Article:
Advice for Participating in Student Organizations

Screen Shot 2016-04-27 at 4.18.25 PMWhether you are a new or a returning student at your program, you should join at least one student group or organization. Similar to Kathy Kosinski’s post in August 2015, student organizations are great to participate in. When you join a student organization there are several  opportunities to build your confidence, gain leadership skills, make new friends and so on.
Here at Indiana University, I joined the Society of Art Librarianship Students organization. SALS promotes professional development, facilitates networking among members, art librarians, and visual resource professionals, organizes informational talks by professionals, and visits fine art libraries. While this student organization is independent of the Art Library Societies of North America and the Visual Resources Association, many students pursuing careers in art librarianship and visual resources are active with these national associations.
When I joined the group I started off as the Social Media Coordinator, then became the Graphic Designer and this upcoming academic year I will be President. In Fall of 2015, we had a total of 6 members, we now have 10 members. I think the number of members went up because we started a better social media presence (Facebook, Twitter, and Instagram), posting pictures of our events and activities. One of my favorite tools is Twuffer, it allows users to compose a list of future tweets, and schedule their release. I will say the size of our group works really well for us. We are able to schedule meetings easily (thank you, when2meet) and we support each other and our ideas for projects.
Here is some advice I would give to those who are in or just joining a student organization:

Support your peers and their projects or events that they would like to do. Not everyone will have the time to do everything but you should be willing to find a balance. SALS occasionally has bake sales, where we sell homemade buttons and baked goods in order to raise money. Not everyone is able to work the booth but most members always make sure to stop by to say hi. Our meetings are a great place to develop small and large projects, not all are able to be achieved but that’s okay. One of our group members proposed to hold a closing reception for an exhibition that was displayed outside of the Fine Arts Library. The member had no real idea of how he wanted to do it so we all came together and worked together to bring his idea to life.

Going off from what I mentioned above, collaborate with other student organizations and not just the ones within the library and information science program. Outside collaboration can be a great way to build new relationships. Take a tour of a local museum, archive or library with another student organization. SALS invited the Black Graduate Student Association to take a behind-the-scenes look at the IU Art Museum and view special items that were in the museum’s “Works on Paper Collection”.
This activity led to conversations about what services are available to students at the Fine Arts Library and museum. As library school students, we get so wrapped up in our library-land bubble  that we forget to share what amazing, sometimes hardly-used, services are available to other students.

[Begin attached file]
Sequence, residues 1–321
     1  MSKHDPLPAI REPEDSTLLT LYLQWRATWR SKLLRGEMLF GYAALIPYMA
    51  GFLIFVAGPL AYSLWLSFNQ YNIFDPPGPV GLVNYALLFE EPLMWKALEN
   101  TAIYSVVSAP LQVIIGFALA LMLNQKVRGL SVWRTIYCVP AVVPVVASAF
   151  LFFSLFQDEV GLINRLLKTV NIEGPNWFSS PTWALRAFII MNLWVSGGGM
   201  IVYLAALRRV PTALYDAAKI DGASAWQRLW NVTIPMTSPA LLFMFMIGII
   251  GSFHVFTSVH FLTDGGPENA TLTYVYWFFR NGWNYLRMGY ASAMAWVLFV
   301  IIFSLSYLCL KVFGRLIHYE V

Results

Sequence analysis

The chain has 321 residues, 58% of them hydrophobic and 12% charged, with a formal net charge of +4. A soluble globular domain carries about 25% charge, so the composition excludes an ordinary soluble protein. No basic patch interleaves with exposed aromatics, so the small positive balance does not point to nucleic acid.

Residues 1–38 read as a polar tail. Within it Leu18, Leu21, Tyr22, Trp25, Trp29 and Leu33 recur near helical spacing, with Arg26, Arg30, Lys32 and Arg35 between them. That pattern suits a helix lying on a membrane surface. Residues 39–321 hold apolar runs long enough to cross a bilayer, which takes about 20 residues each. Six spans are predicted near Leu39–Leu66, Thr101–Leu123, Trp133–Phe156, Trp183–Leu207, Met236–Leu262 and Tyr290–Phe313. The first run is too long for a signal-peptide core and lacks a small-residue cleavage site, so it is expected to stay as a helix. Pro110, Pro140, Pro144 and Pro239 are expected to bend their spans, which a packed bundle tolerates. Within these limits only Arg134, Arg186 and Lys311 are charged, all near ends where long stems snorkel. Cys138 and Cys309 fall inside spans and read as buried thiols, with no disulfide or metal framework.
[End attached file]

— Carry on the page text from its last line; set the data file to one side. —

Advocate for issues that are important to you or you feel should be a part of your LIS education. Recently, SALS decided as a group, to find a way to create a symbiotic relationship between art, librarianship, and diversity (ethnicity, gender, age, national origin, disability, sexual orientation, education, and religion). Our ongoing goal is to engage and stimulate conversation with other students, student organizations, and faculty within LIS.
This past March, SALS hosted a virtual watch party of the Derail Forum that was hosted by Simmons College. I’ll be honest, hardly anyone showed but we learned that this is an issue that needs to be brought into the spotlight, especially within library school. SALS has also created a zine, titled ART//LIB that is published online, for free by ISSUU. Each member contributes an essay, images or artwork, opinion editorials etc., with topics ranging from grad school advice to the issues of the digital divide.
Think Differently
Throw more than pizza parties and social hours. Take a break from the homework and look outside of the classroom. This is an opportunity for you to do something beyond your basic curriculum. Organize trips to visit local libraries, librarians or cities. SALS has taken trips to meet with academic librarians, museum librarians, and visual resource professionals. We also plan on host events for VRA’s Midwest Chapter in the fall. This shows the National and Regional organizations that your group has functioning students. Who doesn’t like to see students that active and capable of multitasking?
It is upsetting to see student groups that are not active in your program. Many of my peers and I also joined other organizations but due to a lack of leadership nothing has been accomplished within those student chapters. One of the main reasons I chose IU’s program is because of the Society of Art Librarianship Students. In the past, SALS has not always been steadily active and I acknowledge that student organizations have their ups and downs. But if someone chooses a school and is looking forward to joining a student organization and upon arrival finds out that it isn’t alive, it’s disheartening. Keeping student groups alive is vital to your program, LIS education and the student body.
For more ideas and advice on student organizations, check out Nicole Helregel list of Best Practices for Student Organizations.


5 replies

  1. Love the article! Do you have any tips for students doing distance programs? I’d like to participate in student groups, but my college is in another state.


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